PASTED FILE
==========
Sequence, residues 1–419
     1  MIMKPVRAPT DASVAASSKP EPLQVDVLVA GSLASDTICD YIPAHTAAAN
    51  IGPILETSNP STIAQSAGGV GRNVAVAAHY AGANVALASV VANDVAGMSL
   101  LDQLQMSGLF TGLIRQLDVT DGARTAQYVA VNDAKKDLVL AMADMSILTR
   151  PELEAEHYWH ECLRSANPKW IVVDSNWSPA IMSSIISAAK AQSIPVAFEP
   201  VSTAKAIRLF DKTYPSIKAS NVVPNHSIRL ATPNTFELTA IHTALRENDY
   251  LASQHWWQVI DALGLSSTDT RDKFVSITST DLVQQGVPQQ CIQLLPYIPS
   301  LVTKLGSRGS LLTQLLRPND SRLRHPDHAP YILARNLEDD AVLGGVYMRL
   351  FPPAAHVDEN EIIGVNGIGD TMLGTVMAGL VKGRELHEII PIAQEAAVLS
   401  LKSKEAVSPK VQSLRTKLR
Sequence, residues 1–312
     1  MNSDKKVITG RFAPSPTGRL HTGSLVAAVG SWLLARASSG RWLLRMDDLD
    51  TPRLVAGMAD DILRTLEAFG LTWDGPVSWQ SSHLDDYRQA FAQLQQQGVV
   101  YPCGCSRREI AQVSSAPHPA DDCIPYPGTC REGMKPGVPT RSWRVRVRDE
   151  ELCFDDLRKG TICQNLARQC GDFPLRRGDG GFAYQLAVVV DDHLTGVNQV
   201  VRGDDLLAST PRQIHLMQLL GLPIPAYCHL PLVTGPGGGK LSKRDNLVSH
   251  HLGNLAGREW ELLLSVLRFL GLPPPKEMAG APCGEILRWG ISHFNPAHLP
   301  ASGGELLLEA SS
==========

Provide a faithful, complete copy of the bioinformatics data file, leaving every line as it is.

Sequence, residues 1–419
     1  MIMKPVRAPT DASVAASSKP EPLQVDVLVA GSLASDTICD YIPAHTAAAN
    51  IGPILETSNP STIAQSAGGV GRNVAVAAHY AGANVALASV VANDVAGMSL
   101  LDQLQMSGLF TGLIRQLDVT DGARTAQYVA VNDAKKDLVL AMADMSILTR
   151  PELEAEHYWH ECLRSANPKW IVVDSNWSPA IMSSIISAAK AQSIPVAFEP
   201  VSTAKAIRLF DKTYPSIKAS NVVPNHSIRL ATPNTFELTA IHTALRENDY
   251  LASQHWWQVI DALGLSSTDT RDKFVSITST DLVQQGVPQQ CIQLLPYIPS
   301  LVTKLGSRGS LLTQLLRPND SRLRHPDHAP YILARNLEDD AVLGGVYMRL
   351  FPPAAHVDEN EIIGVNGIGD TMLGTVMAGL VKGRELHEII PIAQEAAVLS
   401  LKSKEAVSPK VQSLRTKLR
Sequence, residues 1–312
     1  MNSDKKVITG RFAPSPTGRL HTGSLVAAVG SWLLARASSG RWLLRMDDLD
    51  TPRLVAGMAD DILRTLEAFG LTWDGPVSWQ SSHLDDYRQA FAQLQQQGVV
   101  YPCGCSRREI AQVSSAPHPA DDCIPYPGTC REGMKPGVPT RSWRVRVRDE
   151  ELCFDDLRKG TICQNLARQC GDFPLRRGDG GFAYQLAVVV DDHLTGVNQV
   201  VRGDDLLAST PRQIHLMQLL GLPIPAYCHL PLVTGPGGGK LSKRDNLVSH
   251  HLGNLAGREW ELLLSVLRFL GLPPPKEMAG APCGEILRWG ISHFNPAHLP
   301  ASGGELLLEA SS